Here is September's Roman(ish) bioarchaeology news...
New Finds and Excavations - Human
|Iron Age Hillfort massacre (via Daily Mail)|
|Skeleton and tomb of Etruscan noble (via Discovery)|
- 4 September - Slaughtered bodies stripped of their flesh: a gruesome glimpse of Iron Age massacre at UK's largest hillfort (Independent). Hundreds of bodies, many with indications of defleshing, were found at this 1st-2nd c AD site in England.
- 4 September - Roman-period urn grave found in Poland (Archaeology News Network). An urn dating to the 1st to 2nd century was found in Czelin.
- 6 September - Headless skeleton discovered in a well in a Roman cemetery in Gloucester (Gloucestershire Echo). In spite of the headline, it seems the man was deliberately buried in the well; his limbs and head decomposed or found their way elsewhere.
- 9 September - Intact 1,800-year-old Roman sarcophagus uncovered at Alba Iulia (ActMedia). Archaeologists think it dates to the 3rd century AD. The site is in Romania, which was called Dacia during the Roman period.
- 9 September - Pictish burials found at 'Royal Rhynie' site (Past Horizons). These are from the immediate post-Roman period in northern Scotland, dating to about the 5th-6th centuries AD. Apparently the soil in this area of the world isn't great for preserving skeletal remains, so this is a pretty interesting find.
- 10 September - Pagan-era rock tombs unearthed in southeastern part of Turkey (Hurriyet). Around a dozen tombs dating to early Roman times (3rd-2nd centuries BC) were found in the city of Mardin.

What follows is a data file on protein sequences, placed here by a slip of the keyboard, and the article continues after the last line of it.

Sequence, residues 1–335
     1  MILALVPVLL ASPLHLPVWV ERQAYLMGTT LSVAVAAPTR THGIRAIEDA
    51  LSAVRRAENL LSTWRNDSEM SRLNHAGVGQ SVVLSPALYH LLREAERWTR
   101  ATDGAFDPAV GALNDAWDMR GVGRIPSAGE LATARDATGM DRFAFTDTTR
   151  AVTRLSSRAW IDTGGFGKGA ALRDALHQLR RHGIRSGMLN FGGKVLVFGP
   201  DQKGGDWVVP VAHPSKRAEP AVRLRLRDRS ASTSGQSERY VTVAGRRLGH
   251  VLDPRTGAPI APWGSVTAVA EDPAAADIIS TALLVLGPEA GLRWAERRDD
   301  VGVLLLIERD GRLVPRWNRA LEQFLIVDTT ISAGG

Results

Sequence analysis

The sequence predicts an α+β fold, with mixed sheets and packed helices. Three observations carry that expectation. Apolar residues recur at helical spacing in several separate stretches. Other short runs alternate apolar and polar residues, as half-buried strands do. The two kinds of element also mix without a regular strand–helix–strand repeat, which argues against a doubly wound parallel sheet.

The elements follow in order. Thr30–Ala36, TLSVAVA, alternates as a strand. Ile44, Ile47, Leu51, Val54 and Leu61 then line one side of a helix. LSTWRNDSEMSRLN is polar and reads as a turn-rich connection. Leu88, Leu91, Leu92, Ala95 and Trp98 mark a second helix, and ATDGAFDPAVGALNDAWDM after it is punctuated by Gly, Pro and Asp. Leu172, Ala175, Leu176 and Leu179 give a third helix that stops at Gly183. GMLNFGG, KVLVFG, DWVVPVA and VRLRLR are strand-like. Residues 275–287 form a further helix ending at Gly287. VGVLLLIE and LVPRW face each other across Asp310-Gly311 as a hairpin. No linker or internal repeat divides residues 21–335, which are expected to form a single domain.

- 11 September - New archaeological discovery found in Alexandria (Egypt Independent). A short news item reports that a headstone, some pottery and, it looks like, some bones were found dating to the Roman era.
- 17 September - Ancient Egyptians' links to Yorkshire uncovered (Yorkshire Post). A news piece seemingly in service of a new exhibition, this features information about mummies found in Yorkshire that bioarchaeologists suggest were of people born in North Africa. And another version from the Daily Mail on Sept. 22.
- 20 September - Skeleton of ancient "prince" reveals Etruscan life (Discovery). A very cool, largely complete Etruscan tomb was recently discovered. Initial archaeological assessment suggested a male skeleton, due to the grave goods, but this Italian report on the bioarchaeologists' assessment says it's female.
- 20 September - Pompei, la disfida della necropoli: Proprietaria contro la Stato (La Repubblica). It seems that the landowner on whose property there are at least two tombs is planning to auction off the land at Sotheby's. Here's a La Repubblica blog post in English with more details.
New Finds and Excavations - Animal
|Horses from a Thracian|
chariot (via Daily Mail)
- 21 September - Discovery of sacred Roman well amazes archaeology team (The Portsmouth News). The well's contents included the skeletons of at least eight dogs, possibly the result of a sacrifice.
- 26 September - Mystery of the 2,500-year-old horse remains found in Bulgaria that suggest the creatures were buried standing up (Daily Mail). A Thracian carriage with two horses attached dating to the 1st century AD was discovered. There were a whole bunch of nifty grave goods too. (NB: The Mail curiously says that the Thracians had no written language, which is not true. I am loathe to link to them, but they always have the best pictures.)
Follow-ups and Updates
- 4 September - Scavi archeologici a Vagnari (GravinaLife.it). Bioarchaeologist Tracy Prowse talks about her ongoing excavation and research at the site of Vagnari.
- 19 September - Three-dimensional field recording in archaeology: an example from Gabii (Archaeology of the Mediterranean World). Rachel Opitz, the lead topographer for the Gabii Project, writes about all the cool digital models they're making at Gabii. I tried a few months back to print out one of the digitally modelled graves, but it just ended up being a big pile of plastic.
- 3 September - Evaluating marine diets through radiocarbon dating and stable isotope analysis of victims of the AD79 eruption of Vesuvius, Craig et al., AJPA. Unfortunately, I haven't had a chance to read this yet.